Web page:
New mothers' interest in web-based health promotion: association with healthcare barriers, risk status, and user characteristics.

Published

Journal Article

OBJECTIVE: Our first aim was to assess the contributions of health-related risks, barriers to healthcare, and user characteristics to new mothers' interest in two Web-based health programs: postpartum weight loss or parenting advice. Our second aim was to determine if the preceding proximal variables diminished associations of income level with interest in Web-based health programs. SUBJECTS AND METHODS: A mail survey of a stratified random sample was conducted with a resulting analytic sample that included 121 white/Anglo, African American, or Hispanic women of higher and lower income. Weight risk (being overweight or obese) and psychosocial/behavioral risk (alcohol use, depression, smoking) were the predictors of interest in a weight loss program and parenting advice, respectively. Financial, structural, and function factors served as barriers to care. Frequency of Internet use assessed user characteristics. Hierarchical logistic regression analysis was used to evaluate predictors. RESULTS: Being overweight (adjusted odds ratio [OR], 5.55; 95% confidence interval [CI], 2.18, 14.11) was the only variable to affect likelihood of interest in an Internet-based weight loss program; income level was not a significant predictor. Having two or more psychosocial/behavioral risks (adjusted OR, 0.22; 95% CI, 0.50, 0.92) was the only predictor of interest in Internet-based parenting advice; income level was not a significant predictor after adjusting for other variables (OR, 0.55; 95% CI, 0.19, 1.55). CONCLUSIONS: The type of risk and program topic decreased or increased likelihood of interest in Internet-based programming. Weight risks increased interest in weight loss programming, but psychosocial/behavioral risks deceased interest in parenting advice.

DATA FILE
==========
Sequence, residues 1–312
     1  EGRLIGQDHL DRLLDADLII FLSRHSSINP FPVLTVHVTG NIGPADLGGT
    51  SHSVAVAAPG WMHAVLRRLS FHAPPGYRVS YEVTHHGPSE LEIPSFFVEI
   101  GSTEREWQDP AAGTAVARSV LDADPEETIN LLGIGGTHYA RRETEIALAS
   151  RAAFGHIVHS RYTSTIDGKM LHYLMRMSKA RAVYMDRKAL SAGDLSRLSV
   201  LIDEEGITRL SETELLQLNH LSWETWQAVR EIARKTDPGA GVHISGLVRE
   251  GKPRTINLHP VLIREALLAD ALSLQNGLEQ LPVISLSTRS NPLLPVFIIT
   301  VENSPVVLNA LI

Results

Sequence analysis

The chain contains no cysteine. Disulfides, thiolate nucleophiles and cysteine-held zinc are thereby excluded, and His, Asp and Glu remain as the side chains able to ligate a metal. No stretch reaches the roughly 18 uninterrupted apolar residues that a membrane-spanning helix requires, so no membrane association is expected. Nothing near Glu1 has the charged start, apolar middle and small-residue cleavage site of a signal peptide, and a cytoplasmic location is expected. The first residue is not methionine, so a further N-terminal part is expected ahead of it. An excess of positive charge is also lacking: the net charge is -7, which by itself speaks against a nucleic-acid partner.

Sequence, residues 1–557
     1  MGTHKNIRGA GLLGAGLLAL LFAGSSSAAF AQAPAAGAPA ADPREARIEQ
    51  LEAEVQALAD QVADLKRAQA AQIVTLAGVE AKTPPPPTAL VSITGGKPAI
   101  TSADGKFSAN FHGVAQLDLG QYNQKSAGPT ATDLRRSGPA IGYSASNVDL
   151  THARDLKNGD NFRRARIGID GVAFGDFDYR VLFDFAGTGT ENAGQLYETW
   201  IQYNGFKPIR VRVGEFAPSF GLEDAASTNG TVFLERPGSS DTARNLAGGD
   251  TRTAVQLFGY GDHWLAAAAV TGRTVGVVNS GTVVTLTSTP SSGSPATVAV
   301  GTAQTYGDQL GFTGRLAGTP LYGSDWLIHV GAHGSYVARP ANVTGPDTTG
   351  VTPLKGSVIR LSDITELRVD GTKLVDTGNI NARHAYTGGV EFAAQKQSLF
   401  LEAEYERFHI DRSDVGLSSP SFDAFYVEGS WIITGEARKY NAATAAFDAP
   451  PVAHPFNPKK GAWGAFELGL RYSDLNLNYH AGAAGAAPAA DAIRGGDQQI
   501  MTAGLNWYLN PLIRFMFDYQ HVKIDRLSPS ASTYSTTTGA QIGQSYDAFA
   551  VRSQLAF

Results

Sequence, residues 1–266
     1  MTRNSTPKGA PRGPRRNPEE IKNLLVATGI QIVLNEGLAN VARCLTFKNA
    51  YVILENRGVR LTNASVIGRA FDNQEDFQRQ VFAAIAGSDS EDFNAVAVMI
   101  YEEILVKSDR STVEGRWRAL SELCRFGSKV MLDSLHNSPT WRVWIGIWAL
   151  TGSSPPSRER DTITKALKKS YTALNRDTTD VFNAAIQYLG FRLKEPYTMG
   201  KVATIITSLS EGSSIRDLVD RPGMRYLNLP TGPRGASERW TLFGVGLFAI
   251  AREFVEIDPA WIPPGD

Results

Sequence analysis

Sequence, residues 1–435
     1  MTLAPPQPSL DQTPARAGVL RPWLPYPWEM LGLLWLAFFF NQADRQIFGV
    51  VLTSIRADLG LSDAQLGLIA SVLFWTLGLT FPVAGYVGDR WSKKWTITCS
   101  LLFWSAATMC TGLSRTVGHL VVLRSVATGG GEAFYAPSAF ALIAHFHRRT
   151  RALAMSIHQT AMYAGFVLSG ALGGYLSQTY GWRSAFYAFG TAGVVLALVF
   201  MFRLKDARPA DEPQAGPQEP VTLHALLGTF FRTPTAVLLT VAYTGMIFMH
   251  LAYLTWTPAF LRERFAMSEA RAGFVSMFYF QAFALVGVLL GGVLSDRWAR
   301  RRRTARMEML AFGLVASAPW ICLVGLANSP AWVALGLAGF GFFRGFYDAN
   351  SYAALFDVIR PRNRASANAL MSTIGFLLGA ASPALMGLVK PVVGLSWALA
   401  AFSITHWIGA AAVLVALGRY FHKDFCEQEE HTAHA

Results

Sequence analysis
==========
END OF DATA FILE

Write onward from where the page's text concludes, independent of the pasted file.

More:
Full Text

Duke Authors

Cited Authors

  • Walker, LO; Im, E-O; Vaughan, MW

Published Date

  • December 2012

Published In

Volume / Issue

  • 18 / 10

Start / End Page

  • 785 - 790

PubMed ID

  • 23095005

Pubmed Central ID

  • 23095005

Electronic International Standard Serial Number (EISSN)

  • 1556-3669

International Standard Serial Number (ISSN)

  • 1530-5627

Digital Object Identifier (DOI)

  • 10.1089/tmj.2012.0008

Language

  • eng